He now gets all his books including text books through this organization.  Even Math books – he has a machine much like a cd player that can skip a page, book mark a page, he can insert and restart a book – it’s all possible.  Learning Ally Audio reading and Text books have changed our life and our home.  A child in fifth grade reading 2nd grade material is not a challenged or happy child but now reading at his level and beyond you have a child who is motivated and far more relaxed.  Perhaps you are unaware of the work Learning Ally does and a mere phone call to this organization will rest assure the wonderful work they do and the difference they make to many people – blind and dyslexic.  My son has worked with a digitized voice format and much prefers the real voice of a Reader – which has inflection, tone and emphasis.  A real voice gives him a broader context and syntax of a book.  

    I can recommend books for recording and I can donate books for recording if I want  – this is a marvelous non-profit volunteer based organization and unfortunately often over looked or not recognized by every day people.  I am very grateful to that person in an IEP nearly four years ago who in a passing comment mentioned this organization.  They and the many volunteers have opened up a world of books and education to my child – who now sees a much brighter world and has even been on the Honor Roll at school.  Something I would never have expected with the comments from teachers in the past that said “your son will never read well”, or parents who said “what would a private school want with a dyslexic child”.  I urge you to learn more about Learning Ally and write another blog on this wonderful organization.   

  • ThereseCO

    I am a mother of a 15 year old dyslexic daughter and we have spent many years researching the best technology to accommodate her learning difference. There are many new technologies that can help children with dyslexia but she has found Learning Ally to be the the most complete. The Learning Ally Ipad app is so user friendly and the human voice component is irreplaceable. The ipad app is free and there is a minimal annual fee. She is entering high school tomorrow. She has all of the hard copies of her books covered and ready to go but better yet she has all of the audioversion of her textbooks on her Learning Ally Ipad app bookshelf. Everytextbook was in
    the LA catalog. It would be too costly to order two copies of each book and to then have
    a computer generated voice be the end result. I hope the author can take the time to
    out a better alternative to Bookshare.

  • Tracey Smith

    Great resource! Yes, Learning Ally is great, but this is ANOTHER great addition to allow these students to access books. Let’s NOT waste our time with petty arguments about which is better when BOTH tools have a place in a dyslexic or visually impaired students learning toolbox.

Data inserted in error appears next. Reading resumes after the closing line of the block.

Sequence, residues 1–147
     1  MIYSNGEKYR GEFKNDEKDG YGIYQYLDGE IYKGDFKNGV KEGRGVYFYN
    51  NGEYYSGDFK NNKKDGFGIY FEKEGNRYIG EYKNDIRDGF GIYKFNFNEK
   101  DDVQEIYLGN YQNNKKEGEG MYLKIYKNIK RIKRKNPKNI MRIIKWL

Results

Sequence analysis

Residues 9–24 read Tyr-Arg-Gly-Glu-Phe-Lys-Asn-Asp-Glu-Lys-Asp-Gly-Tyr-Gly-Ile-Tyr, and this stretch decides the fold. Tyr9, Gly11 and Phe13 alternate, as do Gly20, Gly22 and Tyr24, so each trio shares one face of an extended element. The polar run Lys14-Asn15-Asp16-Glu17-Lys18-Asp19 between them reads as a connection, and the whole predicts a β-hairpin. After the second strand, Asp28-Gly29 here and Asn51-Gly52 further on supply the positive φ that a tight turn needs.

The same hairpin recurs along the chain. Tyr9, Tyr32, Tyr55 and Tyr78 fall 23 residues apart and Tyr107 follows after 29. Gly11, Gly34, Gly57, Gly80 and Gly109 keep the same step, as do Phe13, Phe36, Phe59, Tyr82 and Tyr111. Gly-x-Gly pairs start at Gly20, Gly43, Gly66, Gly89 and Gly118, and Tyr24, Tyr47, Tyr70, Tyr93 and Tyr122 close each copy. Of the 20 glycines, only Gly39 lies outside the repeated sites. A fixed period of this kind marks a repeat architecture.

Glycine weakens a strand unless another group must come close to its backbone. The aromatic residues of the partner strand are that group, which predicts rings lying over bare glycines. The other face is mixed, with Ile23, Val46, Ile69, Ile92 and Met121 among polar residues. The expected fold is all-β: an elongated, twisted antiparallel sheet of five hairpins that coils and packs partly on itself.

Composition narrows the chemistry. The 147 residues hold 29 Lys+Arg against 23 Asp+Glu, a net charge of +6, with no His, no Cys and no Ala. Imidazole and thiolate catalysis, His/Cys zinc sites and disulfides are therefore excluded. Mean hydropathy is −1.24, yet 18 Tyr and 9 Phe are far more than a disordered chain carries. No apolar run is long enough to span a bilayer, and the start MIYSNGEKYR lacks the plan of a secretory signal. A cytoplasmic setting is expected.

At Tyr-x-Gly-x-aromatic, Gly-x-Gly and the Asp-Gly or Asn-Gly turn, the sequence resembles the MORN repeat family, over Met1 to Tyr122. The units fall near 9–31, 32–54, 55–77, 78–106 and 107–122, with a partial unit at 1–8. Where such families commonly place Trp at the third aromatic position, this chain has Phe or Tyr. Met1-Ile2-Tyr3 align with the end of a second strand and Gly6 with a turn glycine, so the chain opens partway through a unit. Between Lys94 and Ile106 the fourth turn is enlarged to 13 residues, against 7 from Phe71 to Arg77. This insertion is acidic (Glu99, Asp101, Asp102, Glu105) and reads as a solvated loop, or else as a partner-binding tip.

• Ben’sMOM

    My dyslexic son uses Bookshare and Kurzweil, they are two of the best and most flexible available. Learning Ally has been invaluable but the lack of ability to speed up and slow down the reading speed and the lack of tying it to the visual text as it reads has made this option not the best choice for his needs as a dyslexic student. Kurzweil will read anything and also captures the page as it looks to any other child, we like Kurzweil for textbooks that have pictures, charts or graphs, as they are displayed on screen and give him the full textbook experience. Bookshare we use and love for fiction reading and anything that is pure text, with out pictures. Many novels like the Hunger games, Harry Potter ect. Speeding up and slowing down the pace of the text being read can be done by both programs and he uses this feature depending on the subject and the objective of the reading task…just like we “normal readers” do when we are reading for different purposes. An additional feature of Kurzweil is that our schools use a huge amount of hand outs and these are scanned and read easily and quickly in the classroom. Anything that is in a paper or had out form can be read quickly by Kurzweil, this program is not free like bookshare but it is well worth the investment on so many levels.

    Our son uses both as well as keyboarding and Dragon Naturally Speaking to compose papers but that is another topic relating to the writing aspect that many dyslexics struggle with….if writing is a problem for your child look into these and ginger software.

    We are all so lucky that our kids are living in this day and age, quite different from even 10 years ago!

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  • Carly

    Can I ask, without being completely belligerent, why the phrase ‘print disablitity’ in the tile of this facebook post is in quotes? Do you, the kqed Facebook poster, believe dyslexia to not be a true neurological difference?
    Editing notes aside, is an amazing service, without which my dyslexic child could not consume books. Nine novels in as many days. Thank you, thank you for making an amazing difference in my kids’ life. Giving her confidence and bringing her to a social level even to that of her peers (she is currently reading popular fiction). Dyslexia is the worst twist of fate for a book loving kid like mine, and bookshare (along with her amazing tutor) has made it okay.